Sorry, have to respond to Heather Mycholuk. I also think daycare is a great option for the right dog and the right situation. Like any service, you need to do the right research, but it can be great fun for mostly outgoing, YOUNG dogs. And there are always those dogs that can be changed. But, lo and behold, over time and with the right guidance, I saw them gain confidence and turn into outgoing, happy dogs.

After all, look at you, Trisha. You hated going to school, but now you are a warm, outgoing, respected public speaker. Just goes to show ya! Thanks for taking the time to chime in Heidi, I greatly appreciate it. I agree with you absolutely that day cares can be great for some dogs and can help some dogs become more comfortable around others. My primary point was that day cares vary widely, and dogs vary widely, and one needs to be very thoughtful about matching up Dog A to Daycare B. And I do appreciate those of you who have defended people who take their dogs to day care.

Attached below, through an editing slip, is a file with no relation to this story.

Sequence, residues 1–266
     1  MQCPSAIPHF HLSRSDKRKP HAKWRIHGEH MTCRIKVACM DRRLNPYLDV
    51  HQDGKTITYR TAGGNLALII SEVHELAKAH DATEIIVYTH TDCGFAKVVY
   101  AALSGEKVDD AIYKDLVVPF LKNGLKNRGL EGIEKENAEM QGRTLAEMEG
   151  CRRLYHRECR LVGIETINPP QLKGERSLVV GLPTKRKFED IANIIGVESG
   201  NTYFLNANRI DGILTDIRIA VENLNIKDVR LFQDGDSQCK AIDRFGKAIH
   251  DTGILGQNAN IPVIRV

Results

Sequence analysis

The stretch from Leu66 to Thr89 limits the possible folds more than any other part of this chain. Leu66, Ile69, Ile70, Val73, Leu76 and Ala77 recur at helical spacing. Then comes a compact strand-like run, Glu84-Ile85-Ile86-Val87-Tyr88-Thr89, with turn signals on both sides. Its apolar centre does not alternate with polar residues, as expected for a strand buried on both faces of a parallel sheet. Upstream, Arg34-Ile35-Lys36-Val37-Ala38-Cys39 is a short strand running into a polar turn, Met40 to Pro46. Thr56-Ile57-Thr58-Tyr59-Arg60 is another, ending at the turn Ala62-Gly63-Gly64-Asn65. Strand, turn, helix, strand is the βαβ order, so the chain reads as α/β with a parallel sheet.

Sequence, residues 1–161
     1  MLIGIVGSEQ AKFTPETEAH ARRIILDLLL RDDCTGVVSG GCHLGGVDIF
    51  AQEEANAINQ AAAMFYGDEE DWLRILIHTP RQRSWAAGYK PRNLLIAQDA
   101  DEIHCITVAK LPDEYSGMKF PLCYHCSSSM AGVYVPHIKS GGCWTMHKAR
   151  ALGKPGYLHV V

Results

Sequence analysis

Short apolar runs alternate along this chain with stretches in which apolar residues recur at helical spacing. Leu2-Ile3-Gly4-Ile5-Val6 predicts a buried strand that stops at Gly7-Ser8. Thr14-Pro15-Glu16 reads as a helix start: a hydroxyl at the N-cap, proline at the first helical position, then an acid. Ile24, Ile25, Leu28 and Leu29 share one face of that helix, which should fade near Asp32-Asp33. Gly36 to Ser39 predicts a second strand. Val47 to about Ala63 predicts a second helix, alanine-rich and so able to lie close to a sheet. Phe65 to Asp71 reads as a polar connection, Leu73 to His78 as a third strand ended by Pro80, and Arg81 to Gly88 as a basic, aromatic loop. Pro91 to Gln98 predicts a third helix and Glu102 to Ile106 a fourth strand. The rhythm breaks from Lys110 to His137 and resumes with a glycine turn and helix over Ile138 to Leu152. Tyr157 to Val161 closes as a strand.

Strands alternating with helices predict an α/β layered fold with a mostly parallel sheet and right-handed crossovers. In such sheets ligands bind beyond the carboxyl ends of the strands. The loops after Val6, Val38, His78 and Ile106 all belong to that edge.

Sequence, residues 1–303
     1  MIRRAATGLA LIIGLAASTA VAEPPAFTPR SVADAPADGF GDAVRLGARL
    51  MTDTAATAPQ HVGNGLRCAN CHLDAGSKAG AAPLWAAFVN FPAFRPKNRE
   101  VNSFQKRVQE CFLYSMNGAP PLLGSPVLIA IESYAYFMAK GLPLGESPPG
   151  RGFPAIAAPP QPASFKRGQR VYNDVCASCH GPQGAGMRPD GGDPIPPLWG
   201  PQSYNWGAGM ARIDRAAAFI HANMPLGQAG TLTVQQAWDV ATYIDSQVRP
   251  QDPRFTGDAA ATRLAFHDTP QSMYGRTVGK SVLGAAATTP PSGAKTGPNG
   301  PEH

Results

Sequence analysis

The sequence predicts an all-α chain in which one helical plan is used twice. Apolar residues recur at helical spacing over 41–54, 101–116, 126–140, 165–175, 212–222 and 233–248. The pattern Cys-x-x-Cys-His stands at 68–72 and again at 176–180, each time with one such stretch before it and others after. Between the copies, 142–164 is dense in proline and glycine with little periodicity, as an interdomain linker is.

Most owners I know who utilize day cares are the kind of people who care deeply about their dogs. Of course there are owners who over utilize such services, but then, our species is a highly varied, and often illogical one, right? I have to agree with the statement that you have to know your dog. We have 2 dogs. One is a Border Collie who hates doggie daycares. It is far too chaotic for him and he becomes a big ball of stress. My Australian Shephard loves it. Every dog is his friend and he truly loves to play.

We made a mistake of leaving them both there when my husband and I traveled out of town for his medical care. I have learned the the needs of my border collie and that of my aussie are far different and at times we go out of town or need a daycare environment we have found one who can accommodate both dogs needs to keep them safe and happy. Running a daycare and training dogs are two completely different things and, since I do both, I have a really good idea of those differences. The dogs are distracted and some become reactive. The play areas are for the dogs, not the people.

We have a tour on Saturdays when the dogs are not out if people want to see the facility. And strangers videoing the dogs? No nooks and crannies for the dogs either- small spaces are a no-no since dogs can feel trapped and aggress to get out. For trainers to give daycare advice is about as good as a daycare owner giving training advice. My hound is not a dog who can be send to your typical day care: She is reactive to new dogs and needs to be introduced very carefully and slowly to each and every one. She also gets bored very easily and does not believe that being confined with a pack of dogs is fun.